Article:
Subsequently, the purchaser discovered that the $80,000 check had not been sent to the state but instead was converted and deposited in another business account of the seller. In addition, neither the restaurant lease nor title to any of the equipment was ever transferred into purchaser’s name. The seller was ultimately indicted for unlawful deception and theft.
Before the Tax Appeals Tribunal, the purchaser argued that because the assets were never actually transferred, successor liability could not be enforced. The Tribunal disagreed, stating that a “completed transfer of title is unnecessary to impose sales tax because sales tax is defined as a tax on a transaction resulting in the transfer of title or possession (or both) of tangible personal property.” The purchaser operated the business and used the assets for a couple of years, and this established the transfer of possession necessary for the imposition of sales tax.
Due diligence should not end when the transaction is completed, since the parties to the deal often have contractual and legal obligations that survive the closing. This may include completing notice requirements, filing certain tax returns, and remitting payments to third parties. Failure to make sure that these requirements are satisfied will often result in the purchaser paying the seller’s liabilities, even in cases where the seller may have committed fraud.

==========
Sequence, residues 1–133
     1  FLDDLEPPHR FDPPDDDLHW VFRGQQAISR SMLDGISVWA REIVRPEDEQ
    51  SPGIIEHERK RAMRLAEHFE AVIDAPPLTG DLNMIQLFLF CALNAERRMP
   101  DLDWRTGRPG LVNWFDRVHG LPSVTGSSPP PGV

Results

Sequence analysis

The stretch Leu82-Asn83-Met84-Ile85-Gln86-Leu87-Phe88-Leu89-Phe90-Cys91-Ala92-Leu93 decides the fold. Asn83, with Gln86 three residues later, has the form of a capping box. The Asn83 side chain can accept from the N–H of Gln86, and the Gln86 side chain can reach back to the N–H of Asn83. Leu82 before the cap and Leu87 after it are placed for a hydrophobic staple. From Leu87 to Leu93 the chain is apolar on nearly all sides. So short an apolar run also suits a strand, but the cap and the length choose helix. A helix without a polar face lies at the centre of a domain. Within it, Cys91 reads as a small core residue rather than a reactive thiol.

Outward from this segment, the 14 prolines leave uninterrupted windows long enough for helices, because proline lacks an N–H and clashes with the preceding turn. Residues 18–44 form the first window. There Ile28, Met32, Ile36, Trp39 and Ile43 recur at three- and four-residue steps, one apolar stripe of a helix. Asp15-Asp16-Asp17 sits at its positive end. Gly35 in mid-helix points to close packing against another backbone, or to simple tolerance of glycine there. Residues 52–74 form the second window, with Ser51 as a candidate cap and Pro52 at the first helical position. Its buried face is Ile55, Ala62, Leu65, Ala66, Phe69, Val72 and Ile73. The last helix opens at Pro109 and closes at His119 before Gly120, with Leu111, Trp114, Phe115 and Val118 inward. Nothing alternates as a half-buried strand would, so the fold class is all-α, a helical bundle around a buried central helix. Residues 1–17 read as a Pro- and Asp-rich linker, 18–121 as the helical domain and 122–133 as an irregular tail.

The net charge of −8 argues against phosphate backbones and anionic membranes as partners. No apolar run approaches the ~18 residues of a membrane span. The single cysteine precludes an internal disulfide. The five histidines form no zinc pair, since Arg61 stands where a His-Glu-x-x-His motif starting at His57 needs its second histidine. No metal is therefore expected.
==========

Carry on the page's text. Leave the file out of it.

Aprio’s SALT team regularly conducts both buy-side and sell-side due diligence and understands not only the substantive state tax rules for successor liability, but also the procedural aspects to make sure that each party complies with its respective legal and contractual obligations. We constantly monitor these and other important state tax topics, and we will include any significant developments in future issues of the Aprio SALT Newsletter.
This article was featured in the August 2019 SALT Newsletter.
 In the Matter of the Petition of Khayer Kayumi, DTA No. 825953, June 27, 2019.
Any tax advice contained in this communication (including any attachments) is not intended or written to be used, and cannot be used, for the purpose of (i) avoiding penalties under the Internal Revenue Code or under any state or local tax law or (ii) promoting, marketing or recommending to another party any transaction or matter addressed herein. Please do not hesitate to contact us if you have any questions regarding the matter.
About the Author
Jeff Glickman is the partner-in-charge of Aprio, LLP’s State and Local Tax (SALT) practice. He has over 18 years of SALT consulting experience, advising domestic and international companies in all industries on minimizing their multistate liabilities and risks. He puts cash back into his clients’ businesses by identifying their eligibility for and assisting them in claiming various tax credits, including jobs/investment, retraining, and film/entertainment tax credits. Jeff also maintains a multistate administrative tax dispute and negotiations practice, including obtaining private letter rulings, preparing and negotiating voluntary disclosure agreements, pursuing refund claims, and assisting clients during audits.